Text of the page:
Flight museum visitor centre plans rejected after trees row

Museum bosses wanted to chop down 300 trees to move planes into a new hangar.

Flight museum visitor centre plans rejected after trees row

A £15m new visitor centre for the National Museum of Flight has been refused planning permission because it needed 300 trees to be chopped down

Museum chiefs told East Lothian Council’s planning committee the proposed site for the new 80-metre-high hangar was the only acceptable place.

And they said that the centre would bring 40 new jobs to the county, as well as pledging to replace the trees – which would have been felled to create a path to move planes – with a new woodland.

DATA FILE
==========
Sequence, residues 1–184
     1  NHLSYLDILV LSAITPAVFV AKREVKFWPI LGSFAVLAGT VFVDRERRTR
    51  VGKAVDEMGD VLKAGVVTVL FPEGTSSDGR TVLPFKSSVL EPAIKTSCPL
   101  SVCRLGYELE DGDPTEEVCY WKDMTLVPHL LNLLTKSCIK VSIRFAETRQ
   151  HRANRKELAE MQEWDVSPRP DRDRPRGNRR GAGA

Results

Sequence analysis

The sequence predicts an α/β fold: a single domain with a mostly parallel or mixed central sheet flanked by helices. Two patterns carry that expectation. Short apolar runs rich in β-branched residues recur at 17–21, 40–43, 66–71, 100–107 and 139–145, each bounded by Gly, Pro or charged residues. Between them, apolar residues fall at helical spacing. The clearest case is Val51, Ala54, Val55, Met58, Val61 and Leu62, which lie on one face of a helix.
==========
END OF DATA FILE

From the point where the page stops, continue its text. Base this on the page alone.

However, councillors rejected their claims and voted to refuse planning permission during a meeting which saw protesters clapping in the chambers and banging a drum outside.

The plans for the ‘Ready for Take Off’ project would have seen a new visitors centre created under a giant hangar which would house two historic planes which are currently kept outdoors at the museum site at East Fortune, as well as Concorde.

The hangar in which Concorde currently sits would then be used to bring a further plane indoors.

A National Museums Scotland spokeswoman said: “We are disappointed by the outcome of the East Lothian Council planning committee meeting.

“This is an important project for East Lothian. It will ensure the preservation of historically important aircraft, it will also create jobs and play a transformative role within the local tourism economy.

“We will now take stock and review our next steps.”

Story by local democracy reporter Marie Sharp

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